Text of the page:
Golden Shears 2013
A look at Jennie McWalter's entry for The Golden Shears 2013
HRH The Prince of Wales
A visit to the Bespoke Shop by HRH The Prince of Wales
The Bespoke Shop
A look at the Bespoke Shop and the ordering process
Clifford Street
A look at our new Clifford Street Shop
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The English Gentleman at Apsley House 24

Over the past few months the team at Anderson and Sheppard have been working hard organising the AW15 Savile Row Collections presentation for London Collections: Men. Working with The Woolmark Company, a selection of tailors from Savile row and with London’s best shirt and shoe makers. The collection saw over 50 models wearing bespoke creations meticulously constructed over a number of weeks.

This season for ‘The English Gentleman’ presentation we were fortunate enough to be hosted by the Earl of Mornington at Apsley House. This marvellous property also known as Number One London and the home of the first Duke of Wellington, was an apt venue to showcase the military and equestrian inspired designs that were on display. Each magnificent room in Apsley house showcased an abundance of beautiful art, elegant interior and a wealth of history that helped craft a story around the clothes.

As the exterior of the Apsley house is undergoing renovations in preparation for the bicentenary celebration later this year, guests were welcomed on site by models dressed as builders who manned the door with styled hard hats emblazoned with LCM on the front. One could fail to miss the giant marble statue of Napoleon as Mars the Peacemaker as you entered the Principal Staircase – a perfect way to start the tour of the house.

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The first models were placed on the stairwell and the presentation continued throughout the rooms.  In The Striped Drawing Room a model wore Anderson and Sheppard bespoke Wool Cavalry Twill trousers with grown on band and split tails cut by Oliver Spencer.

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Keith Smith, a trouser maker at Anderson and Sheppard for over 30 years who made the trousers, said:

“It was my first time making this type of trouser and I really did enjoy the experience. It was nice to make something different and get out of my comfort zone. When I saw them on the model they looked great so I was happy.”

The striped room also included models wearing two Anderson and Sheppard Jackets cut by Leon Powell.

A bespoke single-breasted grey graphite Hainsworth wool utility Jacket featuring a four-button fly front, four bellow pockets with flaps, slits at the side, pleats at the back with a half belt and worn with white wool melton trousers.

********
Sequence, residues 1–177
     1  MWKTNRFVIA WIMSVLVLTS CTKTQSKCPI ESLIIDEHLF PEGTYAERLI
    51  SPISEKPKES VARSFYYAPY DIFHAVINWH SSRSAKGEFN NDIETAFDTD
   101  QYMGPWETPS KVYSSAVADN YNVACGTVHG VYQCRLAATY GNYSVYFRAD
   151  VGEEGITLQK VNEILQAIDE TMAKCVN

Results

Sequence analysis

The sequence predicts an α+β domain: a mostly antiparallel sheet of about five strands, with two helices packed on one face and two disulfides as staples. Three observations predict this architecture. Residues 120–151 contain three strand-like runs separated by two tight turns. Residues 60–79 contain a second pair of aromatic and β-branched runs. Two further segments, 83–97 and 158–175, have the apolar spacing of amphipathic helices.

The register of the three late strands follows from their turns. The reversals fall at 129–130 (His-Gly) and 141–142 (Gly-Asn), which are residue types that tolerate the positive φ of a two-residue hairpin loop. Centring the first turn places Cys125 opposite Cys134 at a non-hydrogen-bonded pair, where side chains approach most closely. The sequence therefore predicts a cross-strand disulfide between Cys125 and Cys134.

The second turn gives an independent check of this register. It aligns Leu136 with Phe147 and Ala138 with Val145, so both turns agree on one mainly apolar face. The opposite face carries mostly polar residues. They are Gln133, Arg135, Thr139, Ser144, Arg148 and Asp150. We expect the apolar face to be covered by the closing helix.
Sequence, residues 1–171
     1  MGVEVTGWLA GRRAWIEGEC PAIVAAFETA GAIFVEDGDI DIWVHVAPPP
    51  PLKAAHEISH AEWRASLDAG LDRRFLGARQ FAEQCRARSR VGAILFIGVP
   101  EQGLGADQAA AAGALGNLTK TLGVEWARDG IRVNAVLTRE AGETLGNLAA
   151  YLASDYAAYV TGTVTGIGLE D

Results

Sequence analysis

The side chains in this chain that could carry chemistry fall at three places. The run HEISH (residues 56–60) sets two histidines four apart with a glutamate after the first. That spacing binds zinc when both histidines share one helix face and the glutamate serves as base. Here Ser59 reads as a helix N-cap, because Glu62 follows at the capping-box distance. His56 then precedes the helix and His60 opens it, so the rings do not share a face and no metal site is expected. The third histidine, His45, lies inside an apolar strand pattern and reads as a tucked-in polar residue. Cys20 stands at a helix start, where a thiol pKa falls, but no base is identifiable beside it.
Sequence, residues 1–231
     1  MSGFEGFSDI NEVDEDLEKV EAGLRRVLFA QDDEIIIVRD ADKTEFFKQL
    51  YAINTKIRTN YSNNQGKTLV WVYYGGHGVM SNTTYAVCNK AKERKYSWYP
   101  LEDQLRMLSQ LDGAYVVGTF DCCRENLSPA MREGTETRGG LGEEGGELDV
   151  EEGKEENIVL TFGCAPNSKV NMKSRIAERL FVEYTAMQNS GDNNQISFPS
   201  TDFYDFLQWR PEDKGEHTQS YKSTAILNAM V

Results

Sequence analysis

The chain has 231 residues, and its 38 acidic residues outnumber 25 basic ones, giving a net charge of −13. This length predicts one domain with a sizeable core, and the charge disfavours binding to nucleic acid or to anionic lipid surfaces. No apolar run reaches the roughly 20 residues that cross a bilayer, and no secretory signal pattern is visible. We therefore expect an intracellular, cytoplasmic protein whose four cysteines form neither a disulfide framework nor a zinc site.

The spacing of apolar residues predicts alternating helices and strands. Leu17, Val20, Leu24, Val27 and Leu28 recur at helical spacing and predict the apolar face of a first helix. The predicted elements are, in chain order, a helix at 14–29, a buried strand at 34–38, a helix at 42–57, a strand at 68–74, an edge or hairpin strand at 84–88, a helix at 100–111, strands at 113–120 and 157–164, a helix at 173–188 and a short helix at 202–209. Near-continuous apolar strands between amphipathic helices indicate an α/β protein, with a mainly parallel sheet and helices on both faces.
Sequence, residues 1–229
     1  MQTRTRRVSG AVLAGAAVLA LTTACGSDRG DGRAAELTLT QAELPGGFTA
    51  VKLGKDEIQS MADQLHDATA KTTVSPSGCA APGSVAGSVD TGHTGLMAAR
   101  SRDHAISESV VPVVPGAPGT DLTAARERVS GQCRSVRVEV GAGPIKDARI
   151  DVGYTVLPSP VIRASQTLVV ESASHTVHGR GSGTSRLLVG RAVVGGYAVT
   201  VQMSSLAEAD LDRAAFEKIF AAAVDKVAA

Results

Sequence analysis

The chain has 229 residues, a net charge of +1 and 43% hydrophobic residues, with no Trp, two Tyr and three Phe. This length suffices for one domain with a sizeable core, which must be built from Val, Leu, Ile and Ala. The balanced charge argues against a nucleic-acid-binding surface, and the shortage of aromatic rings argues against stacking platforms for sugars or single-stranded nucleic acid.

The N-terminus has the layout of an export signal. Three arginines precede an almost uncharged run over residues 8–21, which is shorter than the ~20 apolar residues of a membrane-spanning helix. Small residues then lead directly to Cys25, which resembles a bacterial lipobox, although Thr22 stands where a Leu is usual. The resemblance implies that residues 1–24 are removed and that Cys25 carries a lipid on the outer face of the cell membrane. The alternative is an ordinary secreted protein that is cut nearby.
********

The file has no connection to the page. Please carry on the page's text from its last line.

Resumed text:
The second was a bespoke single-breasted light blue pilot cloth Hainsworth wool 16/17oz jacket featuring a four button front, two patch pockets with pleats and flaps, two welt pockets and half lined in Escorial light grey cloth.


The Waterloo Gallery filled with dozens of amazing oil paintings hosted models in white tie at one end, and at the other were models in Trench Coats and Greatcoats.  Two Anderson and Sheppard coats, cut by Leon Powell were on display in the Waterloo Gallery.

One was a bespoke double –breasted 32oz Greatcoat in Abraham Moon & Sons navy British Warm wool featuring two patch pockets with flaps, slit at the back, box pleat to back seam, half belt and turn back cuffs.

The English Gentleman at Apsley House 2515


The other was a bespoke double breasted Trench Coat in Loro Piana waterproof Rainstorm treated mid brown wool featuring fly front, box pleats two patch pockets with flaps and lined in Loro Piana fine grey wool flannel.


In the Yellow Drawing Room alongside the oldest surviving grand piano in the United Kingdom – The Americus Backers 1772, a model wore a bespoke single breasted three button wool Hacking Jacket cut by Ollie Trenchard. It was a fawn Fox Brothers Covert cloth, exclusive to Anderson and Sheppard and featured slits at the back, slanting pockets, an out ticket pocket and velvet collar.

The presentation was styled by Jo Levin and produced by Anda Rowland, Sammy Aki and Lloyd Almond.

View more pictures on the Savile Row Collections website: http://www.savile-row-london-collections.com/events/the-english-gentleman-january-2015/gallery





The New Year brings me into the start of my 8th month as an apprentice coat maker at Anderson & Sheppard.  I’m excited to get even more experience this year, having learnt so much last year, getting familiar with the process of coat making  was all part of the course. Over the months I have learnt how to fix, canvas and baste coats and jackets; which are the first steps in the apprenticeship.  When the jackets come in they arrive in a bundle, so it is so rewarding to see the process of construction and know I am creating and learning at the same time.